House Republicans, supposedly the vanguard of small government and personal liberty, have delivered a message to America.
They told Washington, DC residents, who voted overwhelmingly to legalize marijuana, that if they don’t approve of language inserted in a “must-pass” spending bill to squash the popular referendum, they can move somewhere else, maybe Colorado or Washington State.
“That’s the way the Constitution was written,” Rep. Andy Harris of Maryland said in an interview Wednesday. “If they don’t like that oversight, move outside of the federal district to one of the 50 states that is not covered by the jurisdiction of Congress as a whole.”
An earlier attempt to block the decriminalization of marijuana in the District of Columbia was backed by House Speaker John Boehner and other Republicans.
Harris, who is described as a hardliner opposed to both medical and recreational use of marijuana, is responsible for the language included in a massive congressional spending bill that went before the House Appropriations Committee. Harris crafted the language to prevent enactment of Initiative 71, which 65 percent of local voters approved.
Harris and fellow Republicans in the House believe the government should dictate the medical and recreational decisions of Americans.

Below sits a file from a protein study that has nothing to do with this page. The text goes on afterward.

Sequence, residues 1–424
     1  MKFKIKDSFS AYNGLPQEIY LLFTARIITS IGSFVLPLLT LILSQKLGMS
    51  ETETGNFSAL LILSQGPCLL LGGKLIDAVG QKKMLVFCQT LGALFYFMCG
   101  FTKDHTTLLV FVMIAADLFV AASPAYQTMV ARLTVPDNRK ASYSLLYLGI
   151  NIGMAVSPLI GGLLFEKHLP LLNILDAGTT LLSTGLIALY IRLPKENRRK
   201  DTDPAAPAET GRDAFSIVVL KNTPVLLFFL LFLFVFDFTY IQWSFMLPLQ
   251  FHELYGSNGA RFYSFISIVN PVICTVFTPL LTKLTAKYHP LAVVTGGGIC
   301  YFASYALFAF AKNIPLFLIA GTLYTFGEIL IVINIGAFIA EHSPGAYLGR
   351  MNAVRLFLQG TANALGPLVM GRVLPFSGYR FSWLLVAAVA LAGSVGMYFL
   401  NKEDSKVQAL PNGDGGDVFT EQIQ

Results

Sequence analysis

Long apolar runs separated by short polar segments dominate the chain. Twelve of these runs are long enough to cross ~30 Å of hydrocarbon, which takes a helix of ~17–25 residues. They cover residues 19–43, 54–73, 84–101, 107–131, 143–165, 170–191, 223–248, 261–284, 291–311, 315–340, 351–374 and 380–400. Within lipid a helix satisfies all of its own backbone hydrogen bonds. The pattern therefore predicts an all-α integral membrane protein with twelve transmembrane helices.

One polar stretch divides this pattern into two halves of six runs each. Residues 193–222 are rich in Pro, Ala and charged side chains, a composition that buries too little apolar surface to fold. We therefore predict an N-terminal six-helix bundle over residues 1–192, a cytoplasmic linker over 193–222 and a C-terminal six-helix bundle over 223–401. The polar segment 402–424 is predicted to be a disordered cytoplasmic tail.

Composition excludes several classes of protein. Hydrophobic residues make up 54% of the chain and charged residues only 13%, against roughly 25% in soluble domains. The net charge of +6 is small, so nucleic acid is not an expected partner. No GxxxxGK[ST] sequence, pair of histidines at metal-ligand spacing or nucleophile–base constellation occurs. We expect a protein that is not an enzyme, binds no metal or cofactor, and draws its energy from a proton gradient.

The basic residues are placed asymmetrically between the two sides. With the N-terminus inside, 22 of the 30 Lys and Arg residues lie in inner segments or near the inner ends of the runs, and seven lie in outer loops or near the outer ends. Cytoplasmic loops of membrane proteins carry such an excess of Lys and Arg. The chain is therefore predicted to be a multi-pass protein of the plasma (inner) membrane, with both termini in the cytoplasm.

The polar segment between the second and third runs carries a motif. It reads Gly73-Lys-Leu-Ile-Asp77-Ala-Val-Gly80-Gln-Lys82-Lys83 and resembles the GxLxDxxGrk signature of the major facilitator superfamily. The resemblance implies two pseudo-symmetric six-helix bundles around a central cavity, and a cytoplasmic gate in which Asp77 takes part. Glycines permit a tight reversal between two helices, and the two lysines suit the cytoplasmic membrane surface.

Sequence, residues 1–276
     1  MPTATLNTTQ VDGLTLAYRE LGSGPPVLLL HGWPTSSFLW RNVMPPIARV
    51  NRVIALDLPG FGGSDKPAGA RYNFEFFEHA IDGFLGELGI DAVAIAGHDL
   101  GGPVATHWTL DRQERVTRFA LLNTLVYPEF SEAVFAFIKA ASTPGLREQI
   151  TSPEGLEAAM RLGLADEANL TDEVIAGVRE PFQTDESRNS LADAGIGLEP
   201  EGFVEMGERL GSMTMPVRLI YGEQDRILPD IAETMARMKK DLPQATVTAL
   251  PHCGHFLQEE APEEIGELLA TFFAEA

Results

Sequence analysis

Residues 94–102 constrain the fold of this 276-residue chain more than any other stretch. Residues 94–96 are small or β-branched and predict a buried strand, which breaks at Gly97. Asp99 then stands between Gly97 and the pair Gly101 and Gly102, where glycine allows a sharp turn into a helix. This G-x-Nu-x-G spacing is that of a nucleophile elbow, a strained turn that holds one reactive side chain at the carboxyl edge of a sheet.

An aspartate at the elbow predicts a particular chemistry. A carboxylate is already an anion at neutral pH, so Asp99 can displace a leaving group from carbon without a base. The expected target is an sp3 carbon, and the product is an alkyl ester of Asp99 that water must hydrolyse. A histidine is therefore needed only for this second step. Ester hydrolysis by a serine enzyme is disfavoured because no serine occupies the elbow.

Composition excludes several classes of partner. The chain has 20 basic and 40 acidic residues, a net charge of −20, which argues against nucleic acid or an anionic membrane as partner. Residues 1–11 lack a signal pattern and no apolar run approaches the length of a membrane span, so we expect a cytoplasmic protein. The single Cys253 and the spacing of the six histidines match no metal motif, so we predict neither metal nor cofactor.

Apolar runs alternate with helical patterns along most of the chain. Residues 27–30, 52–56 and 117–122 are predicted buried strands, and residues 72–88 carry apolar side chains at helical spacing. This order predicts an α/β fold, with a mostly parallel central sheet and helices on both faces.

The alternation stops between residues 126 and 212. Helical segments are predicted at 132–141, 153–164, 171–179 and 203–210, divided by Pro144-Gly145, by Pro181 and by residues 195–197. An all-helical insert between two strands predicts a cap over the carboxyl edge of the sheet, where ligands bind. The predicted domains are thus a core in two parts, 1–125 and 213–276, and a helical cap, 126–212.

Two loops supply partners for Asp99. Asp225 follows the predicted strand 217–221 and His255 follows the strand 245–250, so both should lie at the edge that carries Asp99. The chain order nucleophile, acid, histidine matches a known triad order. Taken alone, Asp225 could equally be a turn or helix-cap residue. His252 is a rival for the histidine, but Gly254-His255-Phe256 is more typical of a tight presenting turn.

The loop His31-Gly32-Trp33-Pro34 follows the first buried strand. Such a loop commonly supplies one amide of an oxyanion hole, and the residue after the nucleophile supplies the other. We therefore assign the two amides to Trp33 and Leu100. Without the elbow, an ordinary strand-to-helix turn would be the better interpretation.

According to incoming Oversight and Government Reform Chairman Rep. Jason Chaffetz (R-Utah),”smoking marijuana is a health danger, not a cure, and therefore remains a harmful and dangerous drug for people of all ages.”
Anti-marijuana Republicans are using the argument that legalizing marijuana for adult use will endanger children. Harris believes legalization would make things “even worse for D.C.’s teenagers and young adults.”
A study released by the Cato Institute in October, however, contradicts the argument used by Harris and other anti-marijuana advocates. It cites statistics showing that legalization of medical marijuana “was associated with a small reduction in the rate of marijuana use among 12- through 17-year-olds,” not an increase as Harris and others argue.
A number of Republicans disagree with Harris’ heavy-handed approach.
“I believe in more local autonomy on that,” said Kentucky Sen. Rand Paul. “I think Colorado, the District, most localities should be able to make that decision for themselves.”
Harris and his fellow Republicans are in favor of continuing a disastrous and vastly expensive drug war.
“It is drug warriors who are harmful,” writes Laurence M. Vance. “They are harmful to individual liberty, the free market, private property, personal responsibility, a free society — and the American taxpayer who is forced to foot the bill for the drug war.”